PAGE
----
“It would certainly be ideal if growers could put an ad in the newspaper, accept applications, and hire American workers,” stated Kerry Scott of MAS Labor. Unfortunately, that approach isn’t working. For example, a grower/packer near Reno, NV needs 1725 seasonal laborers. Some of the work offered is in an air-conditioned packing shed, and even the fieldwork doesn’t involve actual “stoop labor.” Harvesting is done mechanically, with workers at the back of the harvesting machines. The grower also pays very well.
“The area around Reno, Nevada has the highest unemployment in Nevada, and most of the time, Nevada has the highest unemployment in the country,” Scott continued, speaking at the Mid Atlantic Fruit and Vegetable Growers Convention recently. “The grower ran ‘Help Wanted’ ads in the local papers. They had zero applicants for these well-paying jobs!”
Refugee communities can sometimes be a source of workers, particularly when they have federal, and sometimes state, help in locating work. Among communities in Ohio and Virginia is a source of agricultural workers, particularly for farms that are not too far distant from their communities.
A third possible source of non-migrant, U.S.-based labor can be work-release programs from jails and correctional institutions. “Three years ago,” Scott explained, “there was a huge labor shortage for apple picking in the state of Washington.”
Some growers decided to work with state prisons. But the expenses incurred by those growers were daunting. Growers paid for the inmates to be bused to and from their farms each day. Growers also provided a canteen to feed lunch to the workers. They also paid for guards to be present during working hours to prevent potential prisoner escapes.
“It cost those growers an average of $22 per hour for every hour each inmate worked. On top of that, the quality of the work was ‘iffy.’ These workers weren’t picking apples for applesauce. They were picking apples for fresh market, which need to be picked carefully by color and handled carefully to prevent bruising. The results of hiring inmates, for these growers, were disappointing.”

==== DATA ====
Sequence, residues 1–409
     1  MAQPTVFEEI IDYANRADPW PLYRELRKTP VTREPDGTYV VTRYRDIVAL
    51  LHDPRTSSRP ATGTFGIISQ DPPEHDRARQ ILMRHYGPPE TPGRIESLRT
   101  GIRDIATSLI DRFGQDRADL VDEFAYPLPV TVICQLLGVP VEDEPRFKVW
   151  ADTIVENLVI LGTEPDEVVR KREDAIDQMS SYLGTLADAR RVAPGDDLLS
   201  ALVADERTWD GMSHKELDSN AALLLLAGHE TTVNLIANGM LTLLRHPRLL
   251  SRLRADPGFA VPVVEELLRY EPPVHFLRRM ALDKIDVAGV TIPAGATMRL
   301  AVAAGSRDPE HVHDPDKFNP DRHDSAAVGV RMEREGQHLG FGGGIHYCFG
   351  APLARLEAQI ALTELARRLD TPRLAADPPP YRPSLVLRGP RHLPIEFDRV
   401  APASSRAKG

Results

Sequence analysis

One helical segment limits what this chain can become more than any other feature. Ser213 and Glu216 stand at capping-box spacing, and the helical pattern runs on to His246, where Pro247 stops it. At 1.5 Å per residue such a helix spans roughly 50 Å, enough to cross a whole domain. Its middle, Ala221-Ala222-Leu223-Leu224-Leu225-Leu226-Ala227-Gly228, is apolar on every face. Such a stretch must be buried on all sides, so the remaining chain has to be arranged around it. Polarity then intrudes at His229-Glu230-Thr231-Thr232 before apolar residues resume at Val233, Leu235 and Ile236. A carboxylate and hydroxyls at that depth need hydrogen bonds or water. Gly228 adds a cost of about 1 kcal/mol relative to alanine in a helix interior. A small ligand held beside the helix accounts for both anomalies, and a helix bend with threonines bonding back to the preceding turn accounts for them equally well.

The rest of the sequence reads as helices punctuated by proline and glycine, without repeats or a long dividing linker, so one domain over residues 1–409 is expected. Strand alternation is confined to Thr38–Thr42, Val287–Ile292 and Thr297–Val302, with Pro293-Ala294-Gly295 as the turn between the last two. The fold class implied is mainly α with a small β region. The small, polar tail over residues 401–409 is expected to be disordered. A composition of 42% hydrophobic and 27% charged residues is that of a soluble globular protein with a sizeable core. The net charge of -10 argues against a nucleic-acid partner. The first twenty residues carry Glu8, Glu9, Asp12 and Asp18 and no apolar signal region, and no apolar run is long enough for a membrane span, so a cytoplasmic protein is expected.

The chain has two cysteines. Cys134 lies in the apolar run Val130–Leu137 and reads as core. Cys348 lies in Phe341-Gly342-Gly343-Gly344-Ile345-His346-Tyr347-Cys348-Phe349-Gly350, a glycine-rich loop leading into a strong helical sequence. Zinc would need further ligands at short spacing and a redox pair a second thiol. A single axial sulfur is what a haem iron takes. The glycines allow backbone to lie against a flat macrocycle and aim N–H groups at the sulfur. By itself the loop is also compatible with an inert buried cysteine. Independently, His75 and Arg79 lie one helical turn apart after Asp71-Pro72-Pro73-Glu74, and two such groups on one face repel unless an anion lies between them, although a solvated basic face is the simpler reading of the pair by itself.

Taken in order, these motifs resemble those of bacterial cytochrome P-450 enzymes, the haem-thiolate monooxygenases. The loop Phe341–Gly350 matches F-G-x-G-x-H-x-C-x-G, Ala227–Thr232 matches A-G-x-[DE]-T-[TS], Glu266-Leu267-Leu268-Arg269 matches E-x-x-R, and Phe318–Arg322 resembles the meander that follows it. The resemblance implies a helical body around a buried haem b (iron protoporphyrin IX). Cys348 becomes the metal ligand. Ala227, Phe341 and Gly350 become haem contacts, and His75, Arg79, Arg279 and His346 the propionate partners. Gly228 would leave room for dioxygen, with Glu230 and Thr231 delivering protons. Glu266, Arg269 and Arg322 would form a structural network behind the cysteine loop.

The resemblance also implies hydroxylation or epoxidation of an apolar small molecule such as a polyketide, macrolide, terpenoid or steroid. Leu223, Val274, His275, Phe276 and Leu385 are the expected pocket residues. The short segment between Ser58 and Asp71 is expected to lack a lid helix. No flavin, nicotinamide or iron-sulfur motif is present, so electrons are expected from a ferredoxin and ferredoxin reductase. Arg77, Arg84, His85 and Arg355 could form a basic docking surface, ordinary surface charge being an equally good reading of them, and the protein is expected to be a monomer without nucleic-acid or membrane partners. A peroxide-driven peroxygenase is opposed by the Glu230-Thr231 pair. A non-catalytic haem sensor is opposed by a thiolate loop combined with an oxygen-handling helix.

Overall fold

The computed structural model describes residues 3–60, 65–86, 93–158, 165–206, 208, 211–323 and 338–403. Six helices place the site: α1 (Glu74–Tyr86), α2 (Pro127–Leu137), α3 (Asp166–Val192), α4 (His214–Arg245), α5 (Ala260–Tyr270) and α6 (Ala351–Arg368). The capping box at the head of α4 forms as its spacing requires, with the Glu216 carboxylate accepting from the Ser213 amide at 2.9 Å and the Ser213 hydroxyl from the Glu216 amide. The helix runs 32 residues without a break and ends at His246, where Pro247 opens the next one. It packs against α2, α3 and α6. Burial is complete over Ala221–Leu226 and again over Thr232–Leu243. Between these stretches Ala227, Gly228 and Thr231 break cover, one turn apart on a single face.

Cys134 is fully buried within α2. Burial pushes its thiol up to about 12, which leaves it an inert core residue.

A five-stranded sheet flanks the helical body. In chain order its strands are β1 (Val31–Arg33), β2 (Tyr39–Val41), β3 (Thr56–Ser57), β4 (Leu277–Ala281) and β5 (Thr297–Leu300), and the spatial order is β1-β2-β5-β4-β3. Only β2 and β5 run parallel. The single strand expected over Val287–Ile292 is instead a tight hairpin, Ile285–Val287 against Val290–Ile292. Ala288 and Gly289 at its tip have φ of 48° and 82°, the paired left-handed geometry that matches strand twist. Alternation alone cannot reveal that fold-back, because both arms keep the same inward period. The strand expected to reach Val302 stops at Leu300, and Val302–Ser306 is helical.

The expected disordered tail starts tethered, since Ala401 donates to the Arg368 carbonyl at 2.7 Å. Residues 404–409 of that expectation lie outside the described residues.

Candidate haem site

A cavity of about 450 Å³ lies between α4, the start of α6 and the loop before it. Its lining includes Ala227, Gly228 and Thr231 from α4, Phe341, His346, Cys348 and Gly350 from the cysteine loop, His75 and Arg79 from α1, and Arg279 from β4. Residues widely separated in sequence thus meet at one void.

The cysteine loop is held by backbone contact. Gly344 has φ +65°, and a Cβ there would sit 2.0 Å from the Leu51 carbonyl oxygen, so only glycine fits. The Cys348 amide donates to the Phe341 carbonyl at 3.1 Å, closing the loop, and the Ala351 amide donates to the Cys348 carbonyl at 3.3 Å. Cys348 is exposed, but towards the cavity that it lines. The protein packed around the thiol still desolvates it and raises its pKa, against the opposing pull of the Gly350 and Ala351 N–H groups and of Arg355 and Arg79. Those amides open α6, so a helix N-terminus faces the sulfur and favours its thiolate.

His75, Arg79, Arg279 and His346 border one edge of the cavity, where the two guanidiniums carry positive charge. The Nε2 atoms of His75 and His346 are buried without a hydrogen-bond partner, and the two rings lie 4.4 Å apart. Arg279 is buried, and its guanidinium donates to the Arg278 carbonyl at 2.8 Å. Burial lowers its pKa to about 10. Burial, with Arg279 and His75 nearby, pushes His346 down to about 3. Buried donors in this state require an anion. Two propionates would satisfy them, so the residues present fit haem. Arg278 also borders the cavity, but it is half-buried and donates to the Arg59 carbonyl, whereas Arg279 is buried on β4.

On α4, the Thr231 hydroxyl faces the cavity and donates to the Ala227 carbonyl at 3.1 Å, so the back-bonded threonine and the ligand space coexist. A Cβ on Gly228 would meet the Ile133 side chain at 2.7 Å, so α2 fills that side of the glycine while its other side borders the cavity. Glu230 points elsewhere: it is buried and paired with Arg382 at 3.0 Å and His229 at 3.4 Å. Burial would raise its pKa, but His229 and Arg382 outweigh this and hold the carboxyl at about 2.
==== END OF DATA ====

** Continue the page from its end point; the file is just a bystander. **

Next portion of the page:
What all this means is that many growers are looking at a Hispanic or Jamaican work force, or refugees, “and we’re running out of them,” Scott continued.
Some growers avoid going through H2A by hiring labor contractors to bring their workers. This is becoming less dependable, however, according to Scott. “A labor contractor had delivered 50 workers to a particular grower last year, on time.” This grower spent the winter expecting the labor contractor to come through with the 50 workers he needed the following spring. “However, in April, the contractor called to say that he could only find 30 workers, leaving the grower with a serious labor shortage at the beginning of the season.”
“We need H2A, or whatever succeeds it. It is the only way we can fill the labor gap. Growers say H2A is too much paperwork. But is it, when you consider the results? Let’s suppose most of the growers in this room have not yet tried H2A. Suppose you decided to bite the bullet and fill out the paperwork to get the workers you know you’ll need.
There are agents who can help — for a fee, yes — but the fee could be a good investment in avoiding potential pitfalls. “I’ll tell you how our agency, MAS Labor, goes about helping growers with their H2A workers,” continued Scott. “There are other agents who are very good, but I’ll tell you what I know from my own experience in working for MAS Labor, which is the world’s largest supplier of H2A workers. We’re based in Lovingston, VA, but we work with growers of all sizes, as well as groups of growers, across the United States.